[05] TESTIMONY IN THE HAGUE.

    The international war crimes tribunal in the Hague has heard testimony from concentration-camp survivors in an effort to obtain an arrest warrant for Dragan Nikolic, commander of the Susica camp near Vlasenica in northeast Bosnia.

    "A former prisoner testified this week that victims were lashed to an electricity pylon and beaten to death with baseball bats, batons, rifle butts and chains," Associated Press reports.

    "One man was said to have been beaten so viciously his eye burst out of its socket. Guards threw his disfigured body back into an empty storage warehouse at the camp, where he died."

    Like other accused Serb nationalist war criminals, Nikolic is not in custody and remains safe from prosecution, because he is on Serb-occupied land.

    [06] `THE WILD-EYED LOOK OF CAGED ANIMALS.'

    For the first time in two years, a UN aid convoy reached the besieged enclave of Gorazde directly from Sarajevo. And, foreign journalists were permitted to enter the town.

    "The destruction is nearly complete," an AP reporter who traveled on that convoy describes. "Burned out hulks of buildings line every street, and shops or markets are closed.

    "The isolation is total; Gorazde's people have the wild-eyed look of caged animals. `I feel like a monkey, and I think I live in a zoo,' said Amer Terovic, 20." The town has no running water and almost no electricity, except for a small amount generated by makeshift paddlewheels on the Drina River which goes to priority buildings such as the hospital.

    The convoy brought meals for 3,000 people, but 68,000 people are trapped there.

    [07] PRISONERS RELEASED.

    Serb nationalists freed two Turkish journalists they had seized two weeks ago as part of a prisoner exchange. The two were supposedly traveling under UN "protection" when they were kidnaped. "We were handed over to the Serbs in Ilidza by UNPROFOR," said Munira Acim of Turkey's Hurriyet daily. Acim said her Serb captors threatened to hang her "with a silk rope."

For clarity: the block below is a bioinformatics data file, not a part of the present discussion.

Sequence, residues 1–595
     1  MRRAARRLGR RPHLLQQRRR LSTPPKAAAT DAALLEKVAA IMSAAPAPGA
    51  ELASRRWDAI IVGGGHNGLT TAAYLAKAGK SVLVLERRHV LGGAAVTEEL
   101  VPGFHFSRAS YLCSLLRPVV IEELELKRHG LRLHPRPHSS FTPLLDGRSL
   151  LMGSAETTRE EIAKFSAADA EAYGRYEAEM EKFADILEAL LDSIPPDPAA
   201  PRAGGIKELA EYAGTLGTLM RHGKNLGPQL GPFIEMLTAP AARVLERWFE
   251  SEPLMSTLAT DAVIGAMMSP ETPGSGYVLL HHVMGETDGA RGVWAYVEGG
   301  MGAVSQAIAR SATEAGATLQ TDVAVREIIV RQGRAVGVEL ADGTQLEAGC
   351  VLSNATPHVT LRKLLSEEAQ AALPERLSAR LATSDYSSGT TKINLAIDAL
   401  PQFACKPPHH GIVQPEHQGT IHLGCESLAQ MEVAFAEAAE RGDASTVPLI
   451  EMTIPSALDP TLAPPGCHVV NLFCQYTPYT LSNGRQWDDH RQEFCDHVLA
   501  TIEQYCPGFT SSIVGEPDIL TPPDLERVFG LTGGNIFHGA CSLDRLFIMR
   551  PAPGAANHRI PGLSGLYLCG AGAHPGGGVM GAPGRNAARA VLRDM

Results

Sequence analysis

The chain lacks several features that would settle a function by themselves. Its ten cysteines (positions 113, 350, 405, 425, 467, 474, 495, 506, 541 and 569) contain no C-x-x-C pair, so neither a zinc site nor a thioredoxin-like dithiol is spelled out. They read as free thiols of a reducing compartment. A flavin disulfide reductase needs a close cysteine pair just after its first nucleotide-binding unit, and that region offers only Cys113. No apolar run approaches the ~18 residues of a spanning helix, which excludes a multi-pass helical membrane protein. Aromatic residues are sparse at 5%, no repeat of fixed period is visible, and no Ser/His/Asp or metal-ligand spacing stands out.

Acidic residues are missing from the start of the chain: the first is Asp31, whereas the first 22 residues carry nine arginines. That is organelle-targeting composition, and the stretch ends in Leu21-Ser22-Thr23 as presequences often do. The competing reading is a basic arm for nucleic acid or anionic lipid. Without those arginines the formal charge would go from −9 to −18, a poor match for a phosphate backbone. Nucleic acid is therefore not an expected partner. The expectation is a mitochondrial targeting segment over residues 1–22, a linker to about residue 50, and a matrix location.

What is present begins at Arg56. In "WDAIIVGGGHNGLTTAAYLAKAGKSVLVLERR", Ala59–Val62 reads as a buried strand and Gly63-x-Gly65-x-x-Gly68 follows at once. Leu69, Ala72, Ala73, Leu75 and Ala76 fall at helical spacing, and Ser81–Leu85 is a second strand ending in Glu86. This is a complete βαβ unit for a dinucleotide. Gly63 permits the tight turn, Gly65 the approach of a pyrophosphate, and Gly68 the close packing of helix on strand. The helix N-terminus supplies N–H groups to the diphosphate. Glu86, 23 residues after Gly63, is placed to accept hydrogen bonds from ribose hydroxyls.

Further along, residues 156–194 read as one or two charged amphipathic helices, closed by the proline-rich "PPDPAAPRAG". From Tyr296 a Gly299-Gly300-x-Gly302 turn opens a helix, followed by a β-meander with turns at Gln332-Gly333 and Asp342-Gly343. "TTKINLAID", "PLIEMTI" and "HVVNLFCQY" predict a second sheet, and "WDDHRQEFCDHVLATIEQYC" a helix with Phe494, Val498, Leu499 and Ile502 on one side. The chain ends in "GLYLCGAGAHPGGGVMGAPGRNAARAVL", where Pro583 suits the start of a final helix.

Also freed in the exchange: Sarajevo novelist and poet Vladimir Srebrov, an ethnic Serb who supports a unified, multi-ethnic Bosnia. Srebrov was imprisoned more than three years ago when he attempted to meet Serb nationalist leaders on a peace mission. "I went to stop the shelling and the killing of children in Sarajevo," he told the Sarajevo newspaper Oslobodenje.

    Srebrov said he suffered three broken ribs and a broken jaw during his imprisonment.

    [08] BOSNIAN SERB NATIONALISTS REPUDIATE CONSTITUTIONAL ACCORD.

    Just a few weeks after the world hailed a U.S.-brokered agreement that supposedly maintains Bosnia-Hercegovina as a unified nation composed of two parts, Serb nationalists have demanded the right to secede. In effect, the vote of their self-declared "parliament" repudiates accords hammered out in Geneva and New York, under which the "Republika Srpska" was to become one of two republics in a single Bosnian nation.

    Serb nationalists are also demanding a portion of Sarajevo as an ethnically pure city.

    Serbian President Slobodan Milosevic, who is negotiating on behalf of Bosnian Serb nationalists, has not commented on those latest demands.

    Negotiations based on the Geneva/New York agreements are slated to begin next week in Ohio.